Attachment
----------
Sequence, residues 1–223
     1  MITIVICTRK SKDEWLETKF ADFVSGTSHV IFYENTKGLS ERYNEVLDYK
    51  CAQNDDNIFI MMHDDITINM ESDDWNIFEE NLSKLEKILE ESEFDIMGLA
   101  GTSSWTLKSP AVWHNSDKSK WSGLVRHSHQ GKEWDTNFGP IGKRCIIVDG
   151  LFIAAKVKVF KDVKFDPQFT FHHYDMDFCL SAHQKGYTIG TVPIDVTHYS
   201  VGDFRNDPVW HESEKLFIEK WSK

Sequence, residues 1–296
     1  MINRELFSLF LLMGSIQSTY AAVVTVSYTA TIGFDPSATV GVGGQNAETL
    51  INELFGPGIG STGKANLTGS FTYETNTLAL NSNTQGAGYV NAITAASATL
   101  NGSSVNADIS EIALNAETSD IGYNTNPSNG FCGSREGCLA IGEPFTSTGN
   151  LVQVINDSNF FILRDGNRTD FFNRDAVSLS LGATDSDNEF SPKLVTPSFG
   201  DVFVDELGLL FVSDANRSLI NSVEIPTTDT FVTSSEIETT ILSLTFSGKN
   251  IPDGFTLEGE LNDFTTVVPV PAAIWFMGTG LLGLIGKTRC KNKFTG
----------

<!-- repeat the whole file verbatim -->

Sequence, residues 1–223
     1  MITIVICTRK SKDEWLETKF ADFVSGTSHV IFYENTKGLS ERYNEVLDYK
    51  CAQNDDNIFI MMHDDITINM ESDDWNIFEE NLSKLEKILE ESEFDIMGLA
   101  GTSSWTLKSP AVWHNSDKSK WSGLVRHSHQ GKEWDTNFGP IGKRCIIVDG
   151  LFIAAKVKVF KDVKFDPQFT FHHYDMDFCL SAHQKGYTIG TVPIDVTHYS
   201  VGDFRNDPVW HESEKLFIEK WSK

Sequence, residues 1–296
     1  MINRELFSLF LLMGSIQSTY AAVVTVSYTA TIGFDPSATV GVGGQNAETL
    51  INELFGPGIG STGKANLTGS FTYETNTLAL NSNTQGAGYV NAITAASATL
   101  NGSSVNADIS EIALNAETSD IGYNTNPSNG FCGSREGCLA IGEPFTSTGN
   151  LVQVINDSNF FILRDGNRTD FFNRDAVSLS LGATDSDNEF SPKLVTPSFG
   201  DVFVDELGLL FVSDANRSLI NSVEIPTTDT FVTSSEIETT ILSLTFSGKN
   251  IPDGFTLEGE LNDFTTVVPV PAAIWFMGTG LLGLIGKTRC KNKFTG